diff r 6386e1f4f1fd Doc/reference/expressions.rst
 a/Doc/reference/expressions.rst Tue Sep 18 07:20:18 2012 +0300
+++ b/Doc/reference/expressions.rst Fri Sep 21 22:39:51 2012 0700
@@ 1014,58 +1014,17 @@
*c*, so that, e.g., ``x < y > z`` is perfectly legal (though perhaps not
pretty).
The operators ``<``, ``>``, ``==``, ``>=``, ``<=``, and ``!=`` compare the
values of two objects. The objects need not have the same type. If both are
numbers, they are converted to a common type. Otherwise, the ``==`` and ``!=``
operators *always* consider objects of different types to be unequal, while the
``<``, ``>``, ``>=`` and ``<=`` operators raise a :exc:`TypeError` when
comparing objects of different types that do not implement these operators for
the given pair of types. You can control comparison behavior of objects of
nonbuiltin types by defining rich comparison methods like :meth:`__gt__`,
described in section :ref:`customization`.

Comparison of objects of the same type depends on the type:

* Numbers are compared arithmetically.

* The values :const:`float('NaN')` and :const:`Decimal('NaN')` are special.
 The are identical to themselves, ``x is x`` but are not equal to themselves,
 ``x != x``. Additionally, comparing any value to a notanumber value
 will return ``False``. For example, both ``3 < float('NaN')`` and
 ``float('NaN') < 3`` will return ``False``.

* Bytes objects are compared lexicographically using the numeric values of their
 elements.

* Strings are compared lexicographically using the numeric equivalents (the
 result of the builtin function :func:`ord`) of their characters. [#]_ String
 and bytes object can't be compared!

* Tuples and lists are compared lexicographically using comparison of
 corresponding elements. This means that to compare equal, each element must
 compare equal and the two sequences must be of the same type and have the same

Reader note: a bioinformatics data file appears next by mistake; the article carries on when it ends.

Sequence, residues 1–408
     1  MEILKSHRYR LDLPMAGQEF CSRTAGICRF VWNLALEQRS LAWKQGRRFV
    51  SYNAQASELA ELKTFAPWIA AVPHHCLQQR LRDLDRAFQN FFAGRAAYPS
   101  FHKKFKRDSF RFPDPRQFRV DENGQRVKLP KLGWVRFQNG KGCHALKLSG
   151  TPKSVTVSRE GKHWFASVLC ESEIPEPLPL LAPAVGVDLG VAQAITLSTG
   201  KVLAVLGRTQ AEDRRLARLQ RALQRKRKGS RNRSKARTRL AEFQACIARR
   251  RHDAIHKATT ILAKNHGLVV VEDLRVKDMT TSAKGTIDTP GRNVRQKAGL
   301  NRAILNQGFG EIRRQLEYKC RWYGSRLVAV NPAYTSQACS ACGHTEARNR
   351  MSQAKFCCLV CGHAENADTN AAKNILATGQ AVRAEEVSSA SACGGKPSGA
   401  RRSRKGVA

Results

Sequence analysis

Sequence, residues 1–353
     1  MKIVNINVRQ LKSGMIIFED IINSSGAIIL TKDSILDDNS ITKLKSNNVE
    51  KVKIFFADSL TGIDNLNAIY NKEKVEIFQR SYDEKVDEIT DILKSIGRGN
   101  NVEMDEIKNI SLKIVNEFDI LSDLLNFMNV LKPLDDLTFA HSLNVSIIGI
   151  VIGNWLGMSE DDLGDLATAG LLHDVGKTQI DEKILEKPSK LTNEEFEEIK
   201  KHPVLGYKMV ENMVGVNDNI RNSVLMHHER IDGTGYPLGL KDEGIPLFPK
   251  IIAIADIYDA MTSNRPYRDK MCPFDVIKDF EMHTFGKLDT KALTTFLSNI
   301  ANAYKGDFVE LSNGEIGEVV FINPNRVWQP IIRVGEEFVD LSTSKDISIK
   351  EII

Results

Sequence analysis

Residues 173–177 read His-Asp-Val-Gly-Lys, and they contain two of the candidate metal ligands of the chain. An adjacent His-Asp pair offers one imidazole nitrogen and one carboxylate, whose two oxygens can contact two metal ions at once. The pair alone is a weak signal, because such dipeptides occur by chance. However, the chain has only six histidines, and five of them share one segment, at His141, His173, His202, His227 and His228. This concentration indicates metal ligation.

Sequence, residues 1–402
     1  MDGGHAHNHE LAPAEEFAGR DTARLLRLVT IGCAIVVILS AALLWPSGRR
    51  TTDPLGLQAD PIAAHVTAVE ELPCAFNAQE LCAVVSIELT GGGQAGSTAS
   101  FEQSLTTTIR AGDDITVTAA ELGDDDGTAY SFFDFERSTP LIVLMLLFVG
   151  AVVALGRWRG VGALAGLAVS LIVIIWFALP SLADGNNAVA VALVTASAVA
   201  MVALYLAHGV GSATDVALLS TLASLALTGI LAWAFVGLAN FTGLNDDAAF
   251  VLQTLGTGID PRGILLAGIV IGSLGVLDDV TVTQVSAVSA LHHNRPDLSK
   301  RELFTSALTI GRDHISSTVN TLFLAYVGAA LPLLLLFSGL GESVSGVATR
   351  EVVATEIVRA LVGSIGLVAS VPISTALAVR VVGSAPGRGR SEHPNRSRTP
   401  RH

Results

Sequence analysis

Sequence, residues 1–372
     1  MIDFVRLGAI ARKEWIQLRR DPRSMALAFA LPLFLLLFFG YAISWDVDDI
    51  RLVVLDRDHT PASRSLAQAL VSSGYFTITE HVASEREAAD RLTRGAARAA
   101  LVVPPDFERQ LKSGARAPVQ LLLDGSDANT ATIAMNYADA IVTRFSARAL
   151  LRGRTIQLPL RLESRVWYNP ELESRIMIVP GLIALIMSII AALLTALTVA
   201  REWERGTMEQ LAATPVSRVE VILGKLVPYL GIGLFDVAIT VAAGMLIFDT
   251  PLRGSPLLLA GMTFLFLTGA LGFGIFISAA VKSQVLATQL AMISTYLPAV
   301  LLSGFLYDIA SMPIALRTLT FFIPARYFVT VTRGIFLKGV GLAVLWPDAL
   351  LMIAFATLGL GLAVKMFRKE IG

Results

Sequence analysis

length.

 If not equal, the sequences are ordered the same as their first differing
 elements. For example, ``[1,2,x] <= [1,2,y]`` has the same value as
 ``x <= y``. If the corresponding element does not exist, the shorter
 sequence is ordered first (for example, ``[1,2] < [1,2,3]``).

* Mappings (dictionaries) compare equal if and only if they have the same
 ``(key, value)`` pairs. Order comparisons ``('<', '<=', '>=', '>')``
 raise :exc:`TypeError`.

* Sets and frozensets define comparison operators to mean subset and superset
 tests. Those relations do not define total orderings (the two sets ``{1,2}``
 and {2,3} are not equal, nor subsets of one another, nor supersets of one
 another). Accordingly, sets are not appropriate arguments for functions
 which depend on total ordering. For example, :func:`min`, :func:`max`, and
 :func:`sorted` produce undefined results given a list of sets as inputs.

* Most other objects of builtin types compare unequal unless they are the same
 object; the choice whether one object is considered smaller or larger than
 another one is made arbitrarily but consistently within one execution of a
 program.
+``<``, ``>``, ``==``, ``>=``, ``<=``, and ``!=`` compare the values of two
+objects. The two objects don't necessarily have to be of the same type. With
+``==`` and ``!=``, an object is equal to itself and different objects
+(a is not b) compare unequal, unless the class of the first define a specific
+:meth:`__eq__()` and :meth:`__ne__()`. With ``<``, ``>``, ``<=``, and ``>=``,
+comparison raises a :exc:`TypeError`, unless the class of the first object
+defines specific :meth:`__lt__()`, :meth:`__gt__()`, :meth:`__le__()`, and
+:meth:`__ge__()`, or the class of the second defines the reflected method
+(:meth:`__ge__()` reflects :meth:`__lt__()`, etcetera). Builtin numbers compare
+as expected, even when of different types. Builtin sequences compare
+lexicographically.
Comparison of objects of the differing types depends on whether either
of the types provide explicit support for the comparison. Most numeric types